“Auto start” is why courtesy staging is promoted in our series. Basically when 3 lights are illuminated on the starting tree an internal timer will start and at approximately 7 seconds a driver that is not fully staged will be disqualified. So if someone “double bulbs”, meaning stages fully or lights both of their stage lights before you light anything, as soon as you light your pre stage or first stage bulb, you have approximately 7 seconds to get fully staged.
If you aren’t aware of this you likely won’t feel added pressure but you could potentially get disqualified if it takes you 7 seconds or more to completely stage. We discourage people from “double bulb” staging and if it’s a problem, the starter will back you out to start over. During practice sessions it is not an issue but best to not do it at all so it doesn’t become a habit.
Bracket racing is basically handicapped racing. During the day you will be given time trials or practice runs. You will pretty much see what kind of times your car is running. Once it is time for eliminations you will be required to write a dial in on your window in shoe polish. A dial in is what you predict you’re your car will run on that pass. The other car will also have a dial in and it will likely be totally different than your dial in.
The staff in the tower will enter both cars dial in’s into their computer and those times will be displayed up at the starting line and at the timing clock. Now the tree will activate based on what the two dial in’s are. The slower car will get a head start by the difference in the two cars dial in’s. If the slower cars dial in is 1.1 second more than the quicker cars dial in, that would be the amount of a head start it will receive. In theory if both cars run what they predict and have the same reaction time at the starting line, they will cross the finish line at the exact same time.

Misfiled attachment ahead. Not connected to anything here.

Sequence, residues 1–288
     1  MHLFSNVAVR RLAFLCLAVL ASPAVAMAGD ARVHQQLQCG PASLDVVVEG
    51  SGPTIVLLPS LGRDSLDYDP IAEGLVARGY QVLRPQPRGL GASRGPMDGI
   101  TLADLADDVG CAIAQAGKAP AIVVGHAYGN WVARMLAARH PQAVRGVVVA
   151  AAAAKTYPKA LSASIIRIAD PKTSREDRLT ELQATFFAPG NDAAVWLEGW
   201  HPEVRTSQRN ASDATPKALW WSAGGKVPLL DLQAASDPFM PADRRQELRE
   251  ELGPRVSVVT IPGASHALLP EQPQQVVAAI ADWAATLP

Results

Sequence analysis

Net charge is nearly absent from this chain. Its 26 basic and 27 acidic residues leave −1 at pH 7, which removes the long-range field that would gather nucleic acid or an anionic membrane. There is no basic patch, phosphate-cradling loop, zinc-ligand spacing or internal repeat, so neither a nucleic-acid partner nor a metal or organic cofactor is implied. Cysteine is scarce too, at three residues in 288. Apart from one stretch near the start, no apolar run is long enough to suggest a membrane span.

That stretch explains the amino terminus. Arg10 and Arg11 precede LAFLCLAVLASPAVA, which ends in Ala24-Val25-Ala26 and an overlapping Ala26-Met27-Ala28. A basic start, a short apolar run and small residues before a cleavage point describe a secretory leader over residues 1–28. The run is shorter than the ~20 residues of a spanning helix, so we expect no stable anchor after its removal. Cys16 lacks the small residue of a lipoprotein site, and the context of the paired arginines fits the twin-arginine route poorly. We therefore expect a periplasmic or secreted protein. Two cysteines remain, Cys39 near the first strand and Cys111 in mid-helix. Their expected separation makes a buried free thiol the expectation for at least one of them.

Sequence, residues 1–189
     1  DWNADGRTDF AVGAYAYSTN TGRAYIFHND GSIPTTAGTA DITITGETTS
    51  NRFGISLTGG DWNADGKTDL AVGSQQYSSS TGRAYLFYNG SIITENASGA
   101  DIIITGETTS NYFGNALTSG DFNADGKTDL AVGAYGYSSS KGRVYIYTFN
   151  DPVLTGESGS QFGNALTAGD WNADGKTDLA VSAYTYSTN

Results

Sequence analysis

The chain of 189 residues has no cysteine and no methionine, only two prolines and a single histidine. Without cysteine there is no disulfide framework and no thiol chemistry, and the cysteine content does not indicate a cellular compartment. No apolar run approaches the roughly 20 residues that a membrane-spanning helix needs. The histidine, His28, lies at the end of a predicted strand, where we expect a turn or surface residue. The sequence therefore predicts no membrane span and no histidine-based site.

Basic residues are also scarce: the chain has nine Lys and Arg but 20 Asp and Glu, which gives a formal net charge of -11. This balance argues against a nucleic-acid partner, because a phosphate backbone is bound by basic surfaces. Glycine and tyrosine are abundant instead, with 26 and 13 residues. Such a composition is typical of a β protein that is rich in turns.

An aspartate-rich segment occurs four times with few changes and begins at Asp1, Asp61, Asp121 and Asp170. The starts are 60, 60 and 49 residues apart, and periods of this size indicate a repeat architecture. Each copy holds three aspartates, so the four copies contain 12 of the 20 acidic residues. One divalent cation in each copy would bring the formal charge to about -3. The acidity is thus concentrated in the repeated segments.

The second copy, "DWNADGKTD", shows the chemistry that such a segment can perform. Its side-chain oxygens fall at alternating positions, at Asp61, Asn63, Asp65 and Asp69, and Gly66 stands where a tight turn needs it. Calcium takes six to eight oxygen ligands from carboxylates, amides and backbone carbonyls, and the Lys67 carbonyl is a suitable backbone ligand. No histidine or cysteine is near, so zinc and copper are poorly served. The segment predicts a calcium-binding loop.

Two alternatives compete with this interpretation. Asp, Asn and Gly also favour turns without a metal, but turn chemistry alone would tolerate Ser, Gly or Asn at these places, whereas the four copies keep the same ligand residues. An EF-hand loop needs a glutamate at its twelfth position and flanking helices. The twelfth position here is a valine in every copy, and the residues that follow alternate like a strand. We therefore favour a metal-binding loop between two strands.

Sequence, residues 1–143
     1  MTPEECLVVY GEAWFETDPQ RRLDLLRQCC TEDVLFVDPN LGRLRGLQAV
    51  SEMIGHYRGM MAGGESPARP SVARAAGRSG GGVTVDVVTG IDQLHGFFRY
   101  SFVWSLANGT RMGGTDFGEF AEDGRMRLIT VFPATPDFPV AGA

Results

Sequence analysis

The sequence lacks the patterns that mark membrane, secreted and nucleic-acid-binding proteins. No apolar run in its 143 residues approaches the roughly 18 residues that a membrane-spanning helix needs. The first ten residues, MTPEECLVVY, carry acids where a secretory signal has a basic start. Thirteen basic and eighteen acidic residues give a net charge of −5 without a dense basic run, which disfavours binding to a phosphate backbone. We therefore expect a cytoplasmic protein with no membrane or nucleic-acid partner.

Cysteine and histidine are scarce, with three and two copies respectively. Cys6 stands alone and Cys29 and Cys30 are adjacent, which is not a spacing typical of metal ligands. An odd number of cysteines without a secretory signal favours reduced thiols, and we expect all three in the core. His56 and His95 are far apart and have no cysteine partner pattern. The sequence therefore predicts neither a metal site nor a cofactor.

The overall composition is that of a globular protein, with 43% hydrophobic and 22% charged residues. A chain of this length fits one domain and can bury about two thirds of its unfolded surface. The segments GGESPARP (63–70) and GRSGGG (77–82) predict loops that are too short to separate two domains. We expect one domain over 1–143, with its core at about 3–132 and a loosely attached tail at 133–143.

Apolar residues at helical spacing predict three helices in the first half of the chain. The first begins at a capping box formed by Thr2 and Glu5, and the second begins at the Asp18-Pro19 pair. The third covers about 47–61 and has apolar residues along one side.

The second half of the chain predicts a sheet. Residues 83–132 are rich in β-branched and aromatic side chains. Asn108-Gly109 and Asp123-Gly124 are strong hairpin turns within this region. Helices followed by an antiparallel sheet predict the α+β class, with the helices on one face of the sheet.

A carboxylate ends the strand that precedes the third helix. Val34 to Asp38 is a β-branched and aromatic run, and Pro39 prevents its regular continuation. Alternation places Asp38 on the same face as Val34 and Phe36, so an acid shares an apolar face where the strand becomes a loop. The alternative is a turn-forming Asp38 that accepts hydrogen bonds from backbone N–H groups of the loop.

In bracket racing you cannot “break out”, you have to get as close to your dial in without going to quick. If you “break out”, that is a loss unless both cars break out, then the win goes to the car that breaks out the least.
There are a bunch of strategies and methods to this type of racing which can be learned from plain old experience or you can read up on it as well. It really is a fantastic type of racing that allows cars of all speeds to be competitive and have an equal chance at winning.
Below is a basic run down of Bracket Racing on Wikipedia.
The “groove” is the 2 dark patches/strips on the track surface where (most) of the cars all run. It’s the built up rubber left behind from all the other cars that went before you (very sticky).Center your car as best you can in the 2 black strips, MAKE SURE YOUR WHEELS ARE POINTED STRAIGHT AHEAD! Lining up in the groove will give you your best traction.
***Please visit the rules-tech section as well to get a feel of what each class is and what the rules are. We hold drivers meetings at every event and all questions will be answered. If there is anything you would like to add or correct in this informal FAQ, please let us know. There are drag racing tips and posts all over the internet, you cannot possibly cover it all on one page. Do some searching yourself and the best possible thing you can do is to watch others as they make passes ahead of you.
We also hold a “Rookie” question and answer session immediately following our standard drivers meeting at the beginning of each event. Time and location will be announced over the PA system at the track.
See you at the starting line!!!!